25 deg 19.2S
Longitude: 70 deg 02.4E
Wind Direction: NE
Wind Speed: 18 Knots
Sea State 4
Swell(s) Height: 10-12 Foot
Sea Temperature: 79°F (26.1°C)
Barometric Pressure: 1011.2 MB
Visibility: 18+ Nautical Miles
polychaete worm is one of the largest we have seen crawling at the base
of the black smoker chimneys
Daily Update: Hydrothermal vent microbes
By Amy Nevala
curious-looking crabs, mussels and shrimp now on board Knorr are
under a lot of scrutiny, and so are another group of organisms,
better known as bacteria, make life possible at hydrothermal
microbes, there would be no food for shrimp. No shrimp means
no food for anemones, crabs and fish. And so it goes up the food
days ago, microbiologist Anna-Louise Reysenbach ground up a chunk
of the sulfide rock we collected at the black smoker chimneys.
Placing the grounds in test tubes, she cooked them in a small
oven for 24 hours to see if anything would grow.
When she put the cooked sample under a microscope, she saw that it was crowded
with microbial creatures she affectionately calls bugs. In fact,
they are much smaller than a bug - to them a mosquito eye would be gigantic.
Anna-Louise specializes in microbes. The research she and fellow microbiologist
Dorothee Gotz do here in the Indian Ocean will help them understand a specific
type of microbe called a thermophile.
Thermophiles love heat, and grow best when the temperature hovers between 113° and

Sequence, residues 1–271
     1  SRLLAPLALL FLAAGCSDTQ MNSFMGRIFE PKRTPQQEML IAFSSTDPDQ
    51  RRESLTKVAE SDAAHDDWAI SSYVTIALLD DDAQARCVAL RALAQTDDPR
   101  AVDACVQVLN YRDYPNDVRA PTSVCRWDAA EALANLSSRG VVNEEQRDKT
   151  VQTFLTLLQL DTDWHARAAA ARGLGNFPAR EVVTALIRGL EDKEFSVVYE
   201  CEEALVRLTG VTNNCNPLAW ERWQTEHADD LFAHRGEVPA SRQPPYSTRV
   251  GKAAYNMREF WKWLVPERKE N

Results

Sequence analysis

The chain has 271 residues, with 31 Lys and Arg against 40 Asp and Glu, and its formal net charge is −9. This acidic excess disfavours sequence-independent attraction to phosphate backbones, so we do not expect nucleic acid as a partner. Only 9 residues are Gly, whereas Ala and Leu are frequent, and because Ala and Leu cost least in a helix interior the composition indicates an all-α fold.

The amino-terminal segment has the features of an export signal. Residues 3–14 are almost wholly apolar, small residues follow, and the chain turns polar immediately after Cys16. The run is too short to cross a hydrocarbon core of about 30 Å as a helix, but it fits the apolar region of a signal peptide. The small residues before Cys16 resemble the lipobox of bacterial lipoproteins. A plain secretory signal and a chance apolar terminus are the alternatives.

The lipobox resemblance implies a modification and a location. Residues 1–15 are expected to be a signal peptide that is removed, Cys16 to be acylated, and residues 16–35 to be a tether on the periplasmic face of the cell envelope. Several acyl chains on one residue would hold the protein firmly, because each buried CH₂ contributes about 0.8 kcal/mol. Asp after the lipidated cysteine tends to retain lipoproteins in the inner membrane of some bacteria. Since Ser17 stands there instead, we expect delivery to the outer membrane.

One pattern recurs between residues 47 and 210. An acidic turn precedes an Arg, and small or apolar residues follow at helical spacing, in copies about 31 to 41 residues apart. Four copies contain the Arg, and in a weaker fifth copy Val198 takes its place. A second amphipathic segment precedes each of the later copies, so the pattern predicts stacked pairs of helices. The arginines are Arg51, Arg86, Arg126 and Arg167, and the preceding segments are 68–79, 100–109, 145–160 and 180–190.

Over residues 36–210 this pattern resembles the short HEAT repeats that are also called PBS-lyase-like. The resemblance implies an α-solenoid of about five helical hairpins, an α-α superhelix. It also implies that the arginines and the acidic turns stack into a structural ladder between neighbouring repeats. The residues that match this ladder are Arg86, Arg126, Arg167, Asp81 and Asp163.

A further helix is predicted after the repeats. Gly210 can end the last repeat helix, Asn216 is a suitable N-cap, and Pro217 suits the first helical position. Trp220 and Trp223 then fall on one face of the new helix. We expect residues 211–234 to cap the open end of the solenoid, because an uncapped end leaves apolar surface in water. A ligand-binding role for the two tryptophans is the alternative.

234°F (45° and 113° C).
study thermophiles living at hot springs in places like Yellowstone
National Park as well as at hydrothermal vents. They have identified
hundreds of types. In the Indian Ocean, Anna-Louise says she
thinks she has already seen six to eight new varieties.
While we dont know the exact number of microbes, we do know this: There
are many, many more species of microbes at the hydrothermal vents than there
are animals, like shrimp, said Anna-Louise.
Why are a bunch of odd-shaped little creatures so
important? Thermophiles and other microbes deserve our respect
because they are our elders. They have lived here 3.5 billion years
longer than all other life forms. They were here long before dinosaurs.
Today they are critical in our lives. Though some
types of microbes cause disease, others are used for medical research
that could make us healthier. For example, the enzymes (or proteins)
taken from hydrothermal vent microbes are now used in the biotechnology
industry for genetic studies.
At the black smoker chimneys we located in the Indian
Ocean, the microbes cling to minerals within the sulfide rock.
This rock is porous like a sponge, so hot water from the vents
shoots through it, delivering food to the microbes. Its
not a complicated diet: hydrogen for energy, carbon for carbohydrates, plus a
pinch of oxygen, sulfate, nitrate or iron.
Its like they live in a continual Jacuzzi, said Anna-Louise, and
they just sit there eating their microbial gourmet dinner from the hot hydrothermal
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